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    3. All this talk of food has reminded me about the Brexit special deals with the USA. If we want to give Trump our goods, we will have to import their chlorine washed, battery-farmed, cheap chicken.

      Brexit stinks. It always has done and it will for the rest of my lifetime.

      WHY could we have not stayed in Europe and improved it from the inside?

      I'll tell you why - because we gave so-called 'ordinary' people a say in matters which they have no knowledge or experience of, and ignored the experts. That's the same thing as Trump did. to get his 48%.

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    4. The production of British hand made cheeses in the last 20 years have shown everyone - especially the French - that the agricultural lobby CAN be over-ruled by quality as opposed to mass production, and still make a healthy profit which goes to the real farmers, not just investors.

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    5. I have just read your Brexit views above. It's us proles buggering up democracy AGAIN !

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    6. Don't worry. Because of Brexit we will be forced to buy hormone injected meat, chlorine-washed chicken and Monterey Jack cheese from the USA in any Trump trade deal. There will be choice...

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  5. British cheese has got better and better I think as more and more farms and the like use it as a side line. One of my favourites is Stinking Bishop but I rarely find it in any whop- presumably they only make a small amount. Your Brie looks just right to eat with that bread you bought.

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  6. Sorry, I obviously meant shop not whop!

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    1. A whopping great shop! We can get Stinking Bishop around here quite readily, but the name puts me off. Likewise with the name of the beer - 'Bishop's Finger'. Combine the two and there is a vision of Hell on Earth right there.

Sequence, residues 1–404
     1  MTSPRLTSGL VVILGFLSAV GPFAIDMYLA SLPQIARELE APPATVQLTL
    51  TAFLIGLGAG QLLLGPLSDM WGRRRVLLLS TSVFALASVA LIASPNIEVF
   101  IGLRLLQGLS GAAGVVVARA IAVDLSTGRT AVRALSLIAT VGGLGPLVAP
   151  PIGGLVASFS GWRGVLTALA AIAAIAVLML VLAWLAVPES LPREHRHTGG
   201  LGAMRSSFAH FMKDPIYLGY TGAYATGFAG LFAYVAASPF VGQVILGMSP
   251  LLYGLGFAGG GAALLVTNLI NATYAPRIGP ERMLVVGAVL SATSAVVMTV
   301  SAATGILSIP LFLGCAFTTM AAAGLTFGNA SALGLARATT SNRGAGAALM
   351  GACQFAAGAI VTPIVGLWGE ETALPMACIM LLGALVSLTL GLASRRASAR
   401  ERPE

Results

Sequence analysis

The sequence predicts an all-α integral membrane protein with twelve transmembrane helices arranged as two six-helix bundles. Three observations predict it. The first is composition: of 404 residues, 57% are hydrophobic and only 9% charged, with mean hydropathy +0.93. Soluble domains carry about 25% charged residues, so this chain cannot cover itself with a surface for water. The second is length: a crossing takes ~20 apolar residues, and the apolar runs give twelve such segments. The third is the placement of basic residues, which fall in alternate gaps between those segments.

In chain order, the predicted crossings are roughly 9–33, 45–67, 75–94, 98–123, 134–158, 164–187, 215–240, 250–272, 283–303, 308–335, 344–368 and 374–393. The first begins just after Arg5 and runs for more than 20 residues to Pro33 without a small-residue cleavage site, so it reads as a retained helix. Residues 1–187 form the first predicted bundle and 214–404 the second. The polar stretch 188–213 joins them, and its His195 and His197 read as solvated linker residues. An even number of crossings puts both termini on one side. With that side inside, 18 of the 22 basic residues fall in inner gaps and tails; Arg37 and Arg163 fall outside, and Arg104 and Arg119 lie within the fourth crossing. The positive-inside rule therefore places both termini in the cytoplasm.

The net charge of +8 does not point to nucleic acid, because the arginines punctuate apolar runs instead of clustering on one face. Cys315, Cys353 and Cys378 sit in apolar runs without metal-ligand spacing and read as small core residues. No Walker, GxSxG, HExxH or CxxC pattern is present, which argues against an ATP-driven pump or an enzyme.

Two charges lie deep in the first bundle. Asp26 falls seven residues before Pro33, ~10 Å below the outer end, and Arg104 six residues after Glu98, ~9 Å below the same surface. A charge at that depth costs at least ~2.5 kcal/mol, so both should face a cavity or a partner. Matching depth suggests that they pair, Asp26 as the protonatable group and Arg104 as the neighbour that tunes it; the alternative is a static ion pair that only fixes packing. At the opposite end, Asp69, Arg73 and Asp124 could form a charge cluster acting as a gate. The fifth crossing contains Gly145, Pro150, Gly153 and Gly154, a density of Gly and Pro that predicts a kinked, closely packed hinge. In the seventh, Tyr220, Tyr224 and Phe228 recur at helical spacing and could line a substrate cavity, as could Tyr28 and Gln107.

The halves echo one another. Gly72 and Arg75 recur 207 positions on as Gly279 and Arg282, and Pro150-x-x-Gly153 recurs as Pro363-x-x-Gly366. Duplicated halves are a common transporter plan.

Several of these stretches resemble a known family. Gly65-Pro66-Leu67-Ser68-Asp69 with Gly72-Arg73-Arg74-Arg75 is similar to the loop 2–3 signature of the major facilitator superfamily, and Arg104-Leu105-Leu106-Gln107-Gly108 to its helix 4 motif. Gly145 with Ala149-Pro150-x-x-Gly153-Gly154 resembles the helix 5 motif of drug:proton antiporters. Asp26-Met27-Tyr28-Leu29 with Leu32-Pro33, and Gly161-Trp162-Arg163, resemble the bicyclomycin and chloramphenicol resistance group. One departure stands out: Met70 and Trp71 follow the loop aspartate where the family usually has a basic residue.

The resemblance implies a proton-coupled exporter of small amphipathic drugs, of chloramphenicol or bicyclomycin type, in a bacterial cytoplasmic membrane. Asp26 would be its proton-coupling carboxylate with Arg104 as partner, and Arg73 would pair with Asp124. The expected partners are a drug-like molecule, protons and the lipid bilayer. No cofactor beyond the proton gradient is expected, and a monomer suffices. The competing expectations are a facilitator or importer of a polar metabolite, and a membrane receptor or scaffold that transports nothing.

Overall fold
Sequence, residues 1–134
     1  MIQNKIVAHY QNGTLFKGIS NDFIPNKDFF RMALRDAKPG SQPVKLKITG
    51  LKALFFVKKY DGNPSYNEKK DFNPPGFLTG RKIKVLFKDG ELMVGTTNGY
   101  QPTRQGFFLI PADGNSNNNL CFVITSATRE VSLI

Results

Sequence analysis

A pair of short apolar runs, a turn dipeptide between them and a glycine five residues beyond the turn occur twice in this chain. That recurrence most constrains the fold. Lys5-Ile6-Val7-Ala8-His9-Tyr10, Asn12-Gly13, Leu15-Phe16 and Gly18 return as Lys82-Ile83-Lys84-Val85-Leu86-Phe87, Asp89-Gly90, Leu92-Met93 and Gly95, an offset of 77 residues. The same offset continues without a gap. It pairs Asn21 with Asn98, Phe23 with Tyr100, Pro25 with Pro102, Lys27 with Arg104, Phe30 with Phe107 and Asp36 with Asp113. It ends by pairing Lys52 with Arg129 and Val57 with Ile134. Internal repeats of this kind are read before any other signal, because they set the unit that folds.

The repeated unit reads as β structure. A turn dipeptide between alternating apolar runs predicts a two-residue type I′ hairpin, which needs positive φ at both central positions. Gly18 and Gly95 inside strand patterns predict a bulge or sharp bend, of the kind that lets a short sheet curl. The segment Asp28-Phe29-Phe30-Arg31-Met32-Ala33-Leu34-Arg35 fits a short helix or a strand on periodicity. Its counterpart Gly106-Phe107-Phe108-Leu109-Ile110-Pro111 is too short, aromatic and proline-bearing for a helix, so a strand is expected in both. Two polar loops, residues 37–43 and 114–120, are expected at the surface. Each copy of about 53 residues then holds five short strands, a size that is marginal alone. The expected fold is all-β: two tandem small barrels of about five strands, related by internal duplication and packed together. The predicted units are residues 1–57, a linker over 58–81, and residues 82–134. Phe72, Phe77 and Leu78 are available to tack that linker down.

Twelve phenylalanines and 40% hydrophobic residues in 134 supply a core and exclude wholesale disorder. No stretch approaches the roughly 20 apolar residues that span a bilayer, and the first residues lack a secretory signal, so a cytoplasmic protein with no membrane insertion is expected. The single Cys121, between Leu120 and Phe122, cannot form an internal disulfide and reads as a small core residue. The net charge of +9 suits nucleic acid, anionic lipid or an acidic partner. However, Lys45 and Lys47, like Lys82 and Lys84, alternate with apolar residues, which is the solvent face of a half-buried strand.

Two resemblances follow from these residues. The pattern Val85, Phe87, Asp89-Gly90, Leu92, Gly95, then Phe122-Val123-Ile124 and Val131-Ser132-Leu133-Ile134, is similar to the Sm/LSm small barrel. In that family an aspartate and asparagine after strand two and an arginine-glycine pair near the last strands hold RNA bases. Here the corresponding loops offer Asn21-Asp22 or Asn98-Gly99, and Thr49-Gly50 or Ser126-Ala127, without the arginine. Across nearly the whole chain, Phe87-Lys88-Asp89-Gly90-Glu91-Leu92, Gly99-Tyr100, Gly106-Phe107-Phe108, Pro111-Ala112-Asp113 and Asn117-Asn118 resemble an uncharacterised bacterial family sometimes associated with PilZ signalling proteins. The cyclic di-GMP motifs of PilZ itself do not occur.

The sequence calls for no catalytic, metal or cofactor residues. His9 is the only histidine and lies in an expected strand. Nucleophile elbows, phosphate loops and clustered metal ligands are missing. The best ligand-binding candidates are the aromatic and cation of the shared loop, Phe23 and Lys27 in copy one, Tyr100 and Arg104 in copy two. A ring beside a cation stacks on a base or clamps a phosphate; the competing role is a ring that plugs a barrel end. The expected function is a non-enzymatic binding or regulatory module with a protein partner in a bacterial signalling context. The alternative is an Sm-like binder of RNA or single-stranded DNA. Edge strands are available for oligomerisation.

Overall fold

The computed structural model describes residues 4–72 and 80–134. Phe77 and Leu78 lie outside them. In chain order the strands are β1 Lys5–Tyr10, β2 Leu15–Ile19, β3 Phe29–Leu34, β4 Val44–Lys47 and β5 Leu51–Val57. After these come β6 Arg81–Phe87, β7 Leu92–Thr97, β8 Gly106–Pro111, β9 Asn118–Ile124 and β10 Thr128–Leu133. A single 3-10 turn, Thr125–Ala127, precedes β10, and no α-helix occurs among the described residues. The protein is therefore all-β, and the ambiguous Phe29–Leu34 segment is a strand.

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  7. I love Brie with apple slices. Yum!

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    1. Most cheeses go with apple. Brie is classically put with white grapes here.

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  8. That brie is just how I like it. The supermarkets around her mark the brie down as soon as it starts to go just slightly runny, believing it to be past its best I suppose. I buy as much as i can then.

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    1. Same with beef here. Fillet steak for half the price at twice the quality.

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  9. This weather an hour out of the fridge means Brie and Camembert are out of control and off the board before you can say (cheese)knife.

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    1. That's why they need good marble in a shop. Even an air-conditioned one.

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  10. You are wrong about American cheese. You just need to go to a good shop, not supermarkets.

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    1. I am very pleased to hear that and I have to admit that I have not been to the US for a few years. I hear that there are many small, artisan brewers making good beer there too.